F.A. ANDERSON, YEOMAN USN
Title: 1918 ORIGINAL MANUSCRIPT DIARY HANDWRITTEN BY A NAVY YEOMAN ENJOYING PHILADELPHIA'S SIGHTS AND TRYING TO STAY FREE OF THE FLU
Book Condition: Fair+
Size: 24mo - over 5" - 5¾" tall
Publisher: IOWA PHILADELPHIA NEW YORK  1918
Seller ID: 0002178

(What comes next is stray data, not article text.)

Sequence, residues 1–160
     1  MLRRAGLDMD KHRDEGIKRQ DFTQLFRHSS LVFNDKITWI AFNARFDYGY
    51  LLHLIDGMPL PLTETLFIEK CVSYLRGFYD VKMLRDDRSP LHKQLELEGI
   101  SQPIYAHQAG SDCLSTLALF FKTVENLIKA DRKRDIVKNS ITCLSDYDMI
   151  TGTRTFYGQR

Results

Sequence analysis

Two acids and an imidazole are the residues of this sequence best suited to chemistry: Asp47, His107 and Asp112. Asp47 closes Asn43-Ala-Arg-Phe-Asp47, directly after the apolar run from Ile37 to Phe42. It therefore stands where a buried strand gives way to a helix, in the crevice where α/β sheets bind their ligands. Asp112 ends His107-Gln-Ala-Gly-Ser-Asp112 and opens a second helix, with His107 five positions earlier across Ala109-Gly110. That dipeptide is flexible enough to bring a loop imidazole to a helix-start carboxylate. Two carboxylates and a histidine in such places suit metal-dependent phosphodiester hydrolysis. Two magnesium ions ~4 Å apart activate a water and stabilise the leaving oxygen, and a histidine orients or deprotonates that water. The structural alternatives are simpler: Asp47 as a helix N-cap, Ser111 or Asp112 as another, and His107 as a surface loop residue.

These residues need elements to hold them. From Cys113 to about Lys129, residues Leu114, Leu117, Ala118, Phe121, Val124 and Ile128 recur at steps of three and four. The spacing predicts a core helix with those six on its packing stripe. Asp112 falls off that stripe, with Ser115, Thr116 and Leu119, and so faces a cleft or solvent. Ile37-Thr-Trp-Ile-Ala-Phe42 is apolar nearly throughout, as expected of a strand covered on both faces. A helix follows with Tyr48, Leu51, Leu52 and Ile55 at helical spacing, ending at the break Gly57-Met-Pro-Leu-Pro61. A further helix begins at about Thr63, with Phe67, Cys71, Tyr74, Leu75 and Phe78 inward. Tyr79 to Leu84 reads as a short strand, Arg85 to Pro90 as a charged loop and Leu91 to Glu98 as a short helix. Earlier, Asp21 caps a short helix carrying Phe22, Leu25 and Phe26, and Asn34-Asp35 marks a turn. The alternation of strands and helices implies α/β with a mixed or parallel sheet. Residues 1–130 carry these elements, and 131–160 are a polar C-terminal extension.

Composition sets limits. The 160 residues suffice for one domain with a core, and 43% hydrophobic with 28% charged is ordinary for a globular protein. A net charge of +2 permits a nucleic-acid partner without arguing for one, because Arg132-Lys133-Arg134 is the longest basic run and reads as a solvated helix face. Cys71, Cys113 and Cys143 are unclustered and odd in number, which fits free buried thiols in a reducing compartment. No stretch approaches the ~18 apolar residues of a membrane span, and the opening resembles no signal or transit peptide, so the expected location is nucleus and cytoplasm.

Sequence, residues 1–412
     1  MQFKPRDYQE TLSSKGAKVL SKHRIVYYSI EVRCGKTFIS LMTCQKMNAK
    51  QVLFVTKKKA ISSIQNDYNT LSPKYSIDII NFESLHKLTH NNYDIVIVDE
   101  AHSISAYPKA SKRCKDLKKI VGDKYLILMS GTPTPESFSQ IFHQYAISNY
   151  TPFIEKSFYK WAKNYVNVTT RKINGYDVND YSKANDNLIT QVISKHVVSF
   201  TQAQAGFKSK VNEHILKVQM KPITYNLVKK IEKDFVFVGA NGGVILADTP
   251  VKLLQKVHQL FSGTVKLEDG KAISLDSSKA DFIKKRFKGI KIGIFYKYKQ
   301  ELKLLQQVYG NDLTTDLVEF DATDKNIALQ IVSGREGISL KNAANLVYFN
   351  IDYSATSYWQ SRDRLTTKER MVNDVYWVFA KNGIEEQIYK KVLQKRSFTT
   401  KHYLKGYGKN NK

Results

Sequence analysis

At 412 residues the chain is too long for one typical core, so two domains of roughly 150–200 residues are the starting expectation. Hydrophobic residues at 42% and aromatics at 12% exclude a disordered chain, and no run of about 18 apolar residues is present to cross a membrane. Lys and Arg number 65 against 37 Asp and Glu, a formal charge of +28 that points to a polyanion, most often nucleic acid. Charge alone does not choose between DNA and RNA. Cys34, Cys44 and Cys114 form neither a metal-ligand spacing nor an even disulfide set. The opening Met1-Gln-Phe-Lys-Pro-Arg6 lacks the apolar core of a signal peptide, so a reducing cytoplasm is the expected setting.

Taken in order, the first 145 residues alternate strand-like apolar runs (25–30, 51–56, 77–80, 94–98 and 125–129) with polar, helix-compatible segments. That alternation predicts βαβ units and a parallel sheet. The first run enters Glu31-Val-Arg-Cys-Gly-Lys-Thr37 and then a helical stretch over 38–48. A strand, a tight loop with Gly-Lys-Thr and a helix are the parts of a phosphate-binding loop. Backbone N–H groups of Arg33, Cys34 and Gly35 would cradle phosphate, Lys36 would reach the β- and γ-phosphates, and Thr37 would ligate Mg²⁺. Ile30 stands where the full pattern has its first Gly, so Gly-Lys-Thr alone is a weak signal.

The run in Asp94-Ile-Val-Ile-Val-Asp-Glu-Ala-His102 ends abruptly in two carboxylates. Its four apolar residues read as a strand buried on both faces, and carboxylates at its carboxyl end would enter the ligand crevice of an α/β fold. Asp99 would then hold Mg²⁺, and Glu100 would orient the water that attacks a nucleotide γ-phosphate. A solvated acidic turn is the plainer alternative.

On offer is an interesting, original World War I era diary handwritten by F.A. Anderson, an American yeoman in the U.S. Navy and devout Christian who details his travels, training and duties related to his service for America in 1918. The diary spans July 23, 1918 - Feb 28, 1919, and chronicles the author's time in Iowa, The Great Lakes, Philadelphia and New York City. Anderson's diary begins in the summer of 1918 with Anderson as a third class Yeoman who is being moved from company to company at the end of World War 1. When we meet Anderson, he is visiting Co. 434 at Camp Boone in Iowa, working under Commander Earl Osmon (a sheet metal worker from Nettle Creek, Grundy County, Illinois). While there, he was inoculated for typhoid and discusses a day in the life of a yeoman, including the varied work he was assigned, "chow time" at the base, and preparations for the Camp's Inspection Day. While Anderson does not discuss very much about the war itself, he is a keen traveler and, as he moves from Camp Boone to Camp Perry at the Great Lakes, finally settling in Philadelphia, he uses descriptive language to catalogue his travels. From his observation of a church service in Farragut Ravine (in the Great Lakes), where he felt that "God was close", to his time traveling through Mount Union, "the prettiest place [he] had ever seen" on his way to Philadelphia, Anderson leaves no detail unrecorded. The real meat of the diary takes place from Sept 9, 1918 onward, where Anderson stays and works in Philadelphia, under an officer he and his fellow yeomen call "Buffalo Bill" (due to his resemblance to the original). While it is clear that Anderson works hard, he also has ample time to tour Philadelphia and attend services in many local churches. On his first few trips through the state he didn't "think much of" Philadelphia, but he warms to the state as time goes on. His travels take him all over the state, and he comments on several local landmarks including: the Bethany Brotherhood House, site of the Battle of Germantown, Independence and Congress Halls, Betty Ross' House, Strawberry Mansion, Fairmont Park, Schuylkill River, William Penn's House, Quaker Meeting Hall, Christ Church (where he sat in George Washington's pew) and Carpenter's Hall in Old Philadelphia. Anderson was actually out touring the state on October 6, 1918, during the Philadelphia's Flu Epidemic. He notes that all "places of gathering" were closed, and that they were re-opened by November 3rd. His entry on November 7, 1918 is full of excitement: "Rumour that the armistice had been signed causes greatest excitement in the history of the nation. Navy yard workmen quit work. All whistles etc. on boats blow. Streets fill with people blowing horns and throwing confetti." By Christmas Day, 1918, Anderson has passed his exam for Yeoman 1st, and he concludes his diary with a trip to New York City, having recently completed his health tests as a step to receiving his discharge papers from the army. This diary would be a fascinating read for anyone interested in Philadelphia in the 20th century, or those who are interested in the life of a yeoman at the conclusion of World War 1. Also of note, several days of the diary are written in code, notably Halloween 1918 is chronicled in code. Overall condition is fair to good. Some pages have water damage but you can still make out the handwriting. Author writes in pen and pencil. Some damage to the interior spine of the book but it is in tact, and all pages are in tact. Author has written his own dates in so some entries are quite long and others are short. Author has filled 28 pages or so, approximately ¼ of the 4x6 book, with narrative and, if you flip to the back of the book you will note three of names and addresses and the author has tipped in pages of printed naval ranks.
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